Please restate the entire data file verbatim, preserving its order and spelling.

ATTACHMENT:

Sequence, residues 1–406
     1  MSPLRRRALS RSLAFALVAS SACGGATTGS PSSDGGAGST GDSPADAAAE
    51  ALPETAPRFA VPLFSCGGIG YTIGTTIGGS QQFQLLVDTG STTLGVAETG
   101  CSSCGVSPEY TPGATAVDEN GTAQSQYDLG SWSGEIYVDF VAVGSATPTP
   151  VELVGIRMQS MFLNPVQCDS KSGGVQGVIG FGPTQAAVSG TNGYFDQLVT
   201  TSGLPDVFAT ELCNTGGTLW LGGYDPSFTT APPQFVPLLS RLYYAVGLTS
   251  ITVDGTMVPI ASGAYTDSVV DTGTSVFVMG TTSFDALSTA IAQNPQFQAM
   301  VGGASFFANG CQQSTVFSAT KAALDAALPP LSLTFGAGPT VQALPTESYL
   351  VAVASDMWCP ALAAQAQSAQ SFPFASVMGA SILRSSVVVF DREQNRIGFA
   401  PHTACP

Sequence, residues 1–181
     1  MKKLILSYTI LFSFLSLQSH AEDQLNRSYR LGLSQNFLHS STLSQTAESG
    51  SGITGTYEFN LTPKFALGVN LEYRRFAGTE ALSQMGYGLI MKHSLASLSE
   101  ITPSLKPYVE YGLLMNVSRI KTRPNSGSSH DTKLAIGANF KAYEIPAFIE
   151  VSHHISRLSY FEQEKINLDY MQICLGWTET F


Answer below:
Sequence, residues 1–406
     1  MSPLRRRALS RSLAFALVAS SACGGATTGS PSSDGGAGST GDSPADAAAE
    51  ALPETAPRFA VPLFSCGGIG YTIGTTIGGS QQFQLLVDTG STTLGVAETG
   101  CSSCGVSPEY TPGATAVDEN GTAQSQYDLG SWSGEIYVDF VAVGSATPTP
   151  VELVGIRMQS MFLNPVQCDS KSGGVQGVIG FGPTQAAVSG TNGYFDQLVT
   201  TSGLPDVFAT ELCNTGGTLW LGGYDPSFTT APPQFVPLLS RLYYAVGLTS
   251  ITVDGTMVPI ASGAYTDSVV DTGTSVFVMG TTSFDALSTA IAQNPQFQAM
   301  VGGASFFANG CQQSTVFSAT KAALDAALPP LSLTFGAGPT VQALPTESYL
   351  VAVASDMWCP ALAAQAQSAQ SFPFASVMGA SILRSSVVVF DREQNRIGFA
   401  PHTACP

Sequence, residues 1–181
     1  MKKLILSYTI LFSFLSLQSH AEDQLNRSYR LGLSQNFLHS STLSQTAESG
    51  SGITGTYEFN LTPKFALGVN LEYRRFAGTE ALSQMGYGLI MKHSLASLSE
   101  ITPSLKPYVE YGLLMNVSRI KTRPNSGSSH DTKLAIGANF KAYEIPAFIE
   151  VSHHISRLSY FEQEKINLDY MQICLGWTET F